Stay Calm

When our children are having loud emotional responses / tantrums, it can put us into reactionary mode.  I don’t know about you, but when I’m reacting instead of consciously making decisions, I don’t always make my best parenting choices. If you react really strongly to your child’s emotions, it can escalate the emotion instead of calming your little one down. If you look worried or anxious, you are reinforcing for your little one that there is a reason to be afraid. Once you’ve identified it is separation anxiety, stay calm even when your little one is upset.

Put It in Perspective

If your little one was really upset when dropping them off at daycare, would you call out of work until the separation anxiety passed?  Probably not. If you had a date night planned and your child was upset when you were leaving, would you skip the date and send the babysitter home? Probably not. When you look at it from that perspective, you want to make similar choices at bedtime and in the middle of the night. Remember, your little one is in a safe and loving environment and going through a normal developmental process.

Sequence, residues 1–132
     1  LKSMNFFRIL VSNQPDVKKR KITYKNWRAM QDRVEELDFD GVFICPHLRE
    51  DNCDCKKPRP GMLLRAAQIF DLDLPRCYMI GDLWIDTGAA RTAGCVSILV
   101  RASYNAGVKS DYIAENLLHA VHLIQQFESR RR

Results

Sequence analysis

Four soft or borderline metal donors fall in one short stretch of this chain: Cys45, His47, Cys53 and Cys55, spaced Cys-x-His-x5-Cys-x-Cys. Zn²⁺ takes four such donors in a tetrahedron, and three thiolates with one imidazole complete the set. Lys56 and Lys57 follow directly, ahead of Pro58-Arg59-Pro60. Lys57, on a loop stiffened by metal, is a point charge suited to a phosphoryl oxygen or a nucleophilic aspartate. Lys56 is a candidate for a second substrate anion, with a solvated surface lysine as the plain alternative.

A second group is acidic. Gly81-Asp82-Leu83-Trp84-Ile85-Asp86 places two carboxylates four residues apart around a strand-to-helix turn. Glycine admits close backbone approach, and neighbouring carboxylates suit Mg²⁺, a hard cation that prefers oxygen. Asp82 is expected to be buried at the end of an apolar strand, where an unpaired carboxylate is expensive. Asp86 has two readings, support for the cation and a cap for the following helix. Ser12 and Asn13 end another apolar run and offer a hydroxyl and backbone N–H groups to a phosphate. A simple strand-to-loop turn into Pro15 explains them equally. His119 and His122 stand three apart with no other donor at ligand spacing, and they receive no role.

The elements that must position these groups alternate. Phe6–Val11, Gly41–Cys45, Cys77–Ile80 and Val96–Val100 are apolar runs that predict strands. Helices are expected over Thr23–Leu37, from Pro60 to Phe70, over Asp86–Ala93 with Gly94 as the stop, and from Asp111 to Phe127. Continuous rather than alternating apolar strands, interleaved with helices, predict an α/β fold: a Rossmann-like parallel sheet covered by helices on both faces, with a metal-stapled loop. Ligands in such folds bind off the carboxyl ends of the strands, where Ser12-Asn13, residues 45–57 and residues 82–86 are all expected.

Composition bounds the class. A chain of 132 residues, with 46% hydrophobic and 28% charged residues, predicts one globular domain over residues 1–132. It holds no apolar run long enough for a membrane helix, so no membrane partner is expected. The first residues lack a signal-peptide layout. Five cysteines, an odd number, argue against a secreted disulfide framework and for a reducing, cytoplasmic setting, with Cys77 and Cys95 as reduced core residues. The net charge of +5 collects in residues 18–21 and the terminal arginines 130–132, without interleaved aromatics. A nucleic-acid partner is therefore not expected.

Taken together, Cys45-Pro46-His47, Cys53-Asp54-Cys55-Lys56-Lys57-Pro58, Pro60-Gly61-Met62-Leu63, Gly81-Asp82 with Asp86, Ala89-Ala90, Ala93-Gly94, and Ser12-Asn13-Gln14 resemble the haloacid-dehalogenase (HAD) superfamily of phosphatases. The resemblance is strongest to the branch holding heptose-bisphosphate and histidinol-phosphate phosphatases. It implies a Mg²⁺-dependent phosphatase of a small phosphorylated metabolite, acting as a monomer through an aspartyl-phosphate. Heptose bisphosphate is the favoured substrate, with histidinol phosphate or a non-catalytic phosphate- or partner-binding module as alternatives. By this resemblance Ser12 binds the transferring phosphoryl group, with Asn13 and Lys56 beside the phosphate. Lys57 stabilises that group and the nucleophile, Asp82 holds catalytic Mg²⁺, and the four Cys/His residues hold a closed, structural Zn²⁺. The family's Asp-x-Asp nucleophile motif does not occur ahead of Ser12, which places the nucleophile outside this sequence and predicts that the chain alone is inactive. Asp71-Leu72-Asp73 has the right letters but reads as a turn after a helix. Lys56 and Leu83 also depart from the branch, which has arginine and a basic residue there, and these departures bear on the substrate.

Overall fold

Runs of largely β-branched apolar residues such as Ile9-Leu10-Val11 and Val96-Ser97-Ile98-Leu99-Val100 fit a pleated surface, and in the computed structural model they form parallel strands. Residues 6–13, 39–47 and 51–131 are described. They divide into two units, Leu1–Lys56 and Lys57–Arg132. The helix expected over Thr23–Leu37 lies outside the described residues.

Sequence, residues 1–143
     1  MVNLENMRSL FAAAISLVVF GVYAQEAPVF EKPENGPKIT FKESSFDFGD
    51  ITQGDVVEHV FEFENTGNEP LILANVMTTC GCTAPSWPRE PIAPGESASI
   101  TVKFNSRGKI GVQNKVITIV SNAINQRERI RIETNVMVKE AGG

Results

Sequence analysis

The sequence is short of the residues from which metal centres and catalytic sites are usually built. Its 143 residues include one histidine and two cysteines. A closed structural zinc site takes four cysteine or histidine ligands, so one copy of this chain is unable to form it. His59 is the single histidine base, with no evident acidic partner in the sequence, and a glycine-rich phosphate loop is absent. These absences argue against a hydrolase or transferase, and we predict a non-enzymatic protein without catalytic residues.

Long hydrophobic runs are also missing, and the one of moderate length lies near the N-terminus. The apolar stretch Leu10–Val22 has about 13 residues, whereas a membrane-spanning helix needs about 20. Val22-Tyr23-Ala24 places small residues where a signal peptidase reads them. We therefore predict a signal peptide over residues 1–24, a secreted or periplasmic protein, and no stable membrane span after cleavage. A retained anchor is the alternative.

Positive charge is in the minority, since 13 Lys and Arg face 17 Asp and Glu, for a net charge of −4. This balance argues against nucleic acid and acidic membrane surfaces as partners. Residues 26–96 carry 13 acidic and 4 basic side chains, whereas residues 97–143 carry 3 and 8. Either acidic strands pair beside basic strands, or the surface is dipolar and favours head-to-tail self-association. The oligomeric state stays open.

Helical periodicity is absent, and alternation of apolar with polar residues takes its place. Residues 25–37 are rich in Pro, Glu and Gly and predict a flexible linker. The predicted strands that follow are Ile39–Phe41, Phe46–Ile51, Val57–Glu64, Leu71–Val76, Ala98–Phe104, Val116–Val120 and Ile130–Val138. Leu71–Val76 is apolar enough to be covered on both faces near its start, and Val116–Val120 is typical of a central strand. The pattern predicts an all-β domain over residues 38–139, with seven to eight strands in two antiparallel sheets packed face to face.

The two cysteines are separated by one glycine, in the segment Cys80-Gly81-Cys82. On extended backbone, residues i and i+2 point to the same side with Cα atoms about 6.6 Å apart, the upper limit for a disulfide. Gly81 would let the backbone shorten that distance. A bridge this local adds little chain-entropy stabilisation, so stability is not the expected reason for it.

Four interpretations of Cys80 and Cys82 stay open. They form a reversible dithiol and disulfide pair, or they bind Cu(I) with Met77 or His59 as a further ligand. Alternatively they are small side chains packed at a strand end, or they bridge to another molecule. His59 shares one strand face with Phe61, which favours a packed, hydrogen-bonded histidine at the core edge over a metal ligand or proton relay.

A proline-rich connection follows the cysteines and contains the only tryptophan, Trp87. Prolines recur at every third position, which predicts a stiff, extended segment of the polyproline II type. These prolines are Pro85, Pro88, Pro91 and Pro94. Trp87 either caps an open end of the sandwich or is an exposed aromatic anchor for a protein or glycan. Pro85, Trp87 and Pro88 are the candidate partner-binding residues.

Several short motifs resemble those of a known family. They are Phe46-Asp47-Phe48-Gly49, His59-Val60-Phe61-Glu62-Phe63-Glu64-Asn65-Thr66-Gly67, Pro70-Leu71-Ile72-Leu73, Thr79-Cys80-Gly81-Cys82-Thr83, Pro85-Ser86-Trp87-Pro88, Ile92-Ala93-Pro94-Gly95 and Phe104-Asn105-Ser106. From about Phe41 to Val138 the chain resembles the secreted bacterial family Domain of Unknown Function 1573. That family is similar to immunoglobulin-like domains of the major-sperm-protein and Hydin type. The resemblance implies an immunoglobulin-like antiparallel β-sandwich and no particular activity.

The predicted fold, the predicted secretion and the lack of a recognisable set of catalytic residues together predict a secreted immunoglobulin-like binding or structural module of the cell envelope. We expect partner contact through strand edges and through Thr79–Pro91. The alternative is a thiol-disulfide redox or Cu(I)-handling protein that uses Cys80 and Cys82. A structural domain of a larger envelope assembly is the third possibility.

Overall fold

Keep Your Routine

Routine and structure make children feel safe. This means that your routines are even more important when your child is going through a peak of separation anxiety.  When they are already feeling anxiety, we don’t want to amplify that by changing up the routine and confusing them about what to expect.

Provide Comfort, Yet Stay Consistent